A tale for Christmas 1779

On 15 January 1821, Douce wrote in his Book of Coincidences that he “had had a strange dream about Lady Craven”. Elizabeth Berkeley (1750-1828), who would become margravine of Brandenburg-Ansbach-Bayreuth after her second marriage following the death of Lord Craven in 1791, was a travel writer and society hostess who counted Samuel Johnson and Horace Walpole among her numerous acquaintance:

Ozias Humphrey, Elizabeth, Countess of Craven, c. 1780-3, oil on canvas (Tate Collection)

Unfortunately, Douce did not elaborate on his dream (the Book of Coincidences contains references to three further “strange dreams” involving a cross-bow eaten as a broiled fish, the Bishop of Norwich, and a disembodied head “on which a large quantity of rouge had been coarsely laid”). But he mentioned Lady Craven again in September of the same year. After a visit to Dr Fryer in Turnham Green, Douce “had purposely walked to Brandenburg house”, where the margravine lived before it was rented by Queen Caroline:

J. P. Neale after James Lewis, Brandenburgh House and Theatre, Middlesex, 1815, engraving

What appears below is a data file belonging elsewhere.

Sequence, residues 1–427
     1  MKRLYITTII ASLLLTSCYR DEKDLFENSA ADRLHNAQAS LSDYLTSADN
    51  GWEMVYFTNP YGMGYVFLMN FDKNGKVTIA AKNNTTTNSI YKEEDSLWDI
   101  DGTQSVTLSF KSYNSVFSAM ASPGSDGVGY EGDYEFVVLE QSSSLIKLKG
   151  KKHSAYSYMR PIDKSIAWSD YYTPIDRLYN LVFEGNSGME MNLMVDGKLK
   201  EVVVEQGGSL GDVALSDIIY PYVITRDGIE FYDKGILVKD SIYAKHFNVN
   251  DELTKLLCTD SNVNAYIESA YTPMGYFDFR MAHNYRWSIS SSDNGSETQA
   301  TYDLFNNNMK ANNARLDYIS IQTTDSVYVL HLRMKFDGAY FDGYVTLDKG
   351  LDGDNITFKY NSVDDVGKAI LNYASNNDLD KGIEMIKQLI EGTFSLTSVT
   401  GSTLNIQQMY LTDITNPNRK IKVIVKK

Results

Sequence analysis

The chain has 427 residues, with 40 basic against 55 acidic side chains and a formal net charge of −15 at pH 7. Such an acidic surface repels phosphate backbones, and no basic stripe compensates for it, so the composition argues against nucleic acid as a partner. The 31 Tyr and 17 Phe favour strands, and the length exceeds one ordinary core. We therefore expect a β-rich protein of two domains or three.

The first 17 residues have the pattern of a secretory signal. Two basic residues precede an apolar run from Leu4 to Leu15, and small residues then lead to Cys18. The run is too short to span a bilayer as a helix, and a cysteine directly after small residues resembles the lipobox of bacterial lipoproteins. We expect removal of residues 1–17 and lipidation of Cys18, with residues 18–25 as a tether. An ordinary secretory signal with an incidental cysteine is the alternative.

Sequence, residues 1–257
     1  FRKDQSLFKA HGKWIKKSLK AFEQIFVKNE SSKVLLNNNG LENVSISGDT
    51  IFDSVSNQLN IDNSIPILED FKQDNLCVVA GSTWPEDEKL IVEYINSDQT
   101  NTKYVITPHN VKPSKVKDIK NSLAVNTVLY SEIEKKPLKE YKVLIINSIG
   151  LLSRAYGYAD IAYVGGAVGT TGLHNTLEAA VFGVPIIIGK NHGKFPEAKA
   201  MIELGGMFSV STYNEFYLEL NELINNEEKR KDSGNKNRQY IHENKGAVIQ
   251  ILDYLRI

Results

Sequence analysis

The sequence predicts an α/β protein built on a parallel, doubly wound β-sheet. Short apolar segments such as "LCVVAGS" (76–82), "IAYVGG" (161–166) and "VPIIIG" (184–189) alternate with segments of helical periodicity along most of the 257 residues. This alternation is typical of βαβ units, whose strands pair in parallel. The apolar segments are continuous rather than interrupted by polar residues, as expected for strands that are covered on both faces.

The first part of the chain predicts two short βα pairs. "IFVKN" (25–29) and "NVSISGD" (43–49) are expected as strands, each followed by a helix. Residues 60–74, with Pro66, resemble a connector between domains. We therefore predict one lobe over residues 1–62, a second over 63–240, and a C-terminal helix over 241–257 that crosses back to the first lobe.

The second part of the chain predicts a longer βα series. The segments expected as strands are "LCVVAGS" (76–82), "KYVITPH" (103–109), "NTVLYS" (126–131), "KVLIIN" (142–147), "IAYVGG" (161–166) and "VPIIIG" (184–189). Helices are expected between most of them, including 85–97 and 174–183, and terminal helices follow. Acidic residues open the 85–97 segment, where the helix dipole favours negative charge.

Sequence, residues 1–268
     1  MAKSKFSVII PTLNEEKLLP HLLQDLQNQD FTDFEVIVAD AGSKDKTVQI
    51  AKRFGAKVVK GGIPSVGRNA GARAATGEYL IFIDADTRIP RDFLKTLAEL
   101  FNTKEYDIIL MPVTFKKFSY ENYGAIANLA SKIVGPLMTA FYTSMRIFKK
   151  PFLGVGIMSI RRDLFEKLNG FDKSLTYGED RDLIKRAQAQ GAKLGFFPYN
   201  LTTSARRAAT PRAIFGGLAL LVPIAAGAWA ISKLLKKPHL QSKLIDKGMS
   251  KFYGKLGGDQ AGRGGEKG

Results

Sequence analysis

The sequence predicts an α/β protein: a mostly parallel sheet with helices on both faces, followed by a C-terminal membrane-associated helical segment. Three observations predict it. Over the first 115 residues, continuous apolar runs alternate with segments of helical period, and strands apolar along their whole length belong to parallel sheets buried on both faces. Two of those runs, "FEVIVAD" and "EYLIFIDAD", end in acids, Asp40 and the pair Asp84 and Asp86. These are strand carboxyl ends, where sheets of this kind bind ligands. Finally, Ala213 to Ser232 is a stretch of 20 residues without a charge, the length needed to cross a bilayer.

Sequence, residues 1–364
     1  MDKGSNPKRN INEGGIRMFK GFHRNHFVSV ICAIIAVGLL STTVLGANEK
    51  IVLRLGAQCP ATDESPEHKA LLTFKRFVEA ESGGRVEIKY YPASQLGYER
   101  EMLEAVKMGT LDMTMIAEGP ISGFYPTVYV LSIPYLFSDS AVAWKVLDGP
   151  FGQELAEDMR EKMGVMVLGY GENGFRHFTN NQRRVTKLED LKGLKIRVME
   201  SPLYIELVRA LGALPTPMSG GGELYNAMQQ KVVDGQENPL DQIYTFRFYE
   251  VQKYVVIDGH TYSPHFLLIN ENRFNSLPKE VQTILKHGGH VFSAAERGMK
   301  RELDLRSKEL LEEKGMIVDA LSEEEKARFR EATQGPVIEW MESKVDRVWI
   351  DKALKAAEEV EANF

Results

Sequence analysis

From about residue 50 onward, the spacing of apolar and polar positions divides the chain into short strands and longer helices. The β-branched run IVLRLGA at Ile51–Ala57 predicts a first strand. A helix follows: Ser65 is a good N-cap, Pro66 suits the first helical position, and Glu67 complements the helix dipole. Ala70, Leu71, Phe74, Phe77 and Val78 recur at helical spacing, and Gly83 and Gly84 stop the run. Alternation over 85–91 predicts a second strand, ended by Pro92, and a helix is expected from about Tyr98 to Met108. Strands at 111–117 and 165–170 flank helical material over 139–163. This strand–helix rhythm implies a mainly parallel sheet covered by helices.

While sorting out some papers on his return home that evening, “Lady Craven’s novel of Kinkvervankotsdarsprakengotchderns turned up accidentally which I read”. The full title of the novel in question is  Modern anecdote of the ancient family of the Kinkvervankotsdarsprakengotchderns: a tale for Christmas 1779 and the third edition, bequeathed by Douce to the Bodleian, was published in 1781. There is nothing Christmassy about the story itself, but the author hoped that the dedicatee, Horace Walpole, would consider her “little book” as “an acceptable Christmas box”.

After Edward Penny, The Mistletoe or Christmas Gambols, 1796, stipple (Ashmolean Museum, Oxford)

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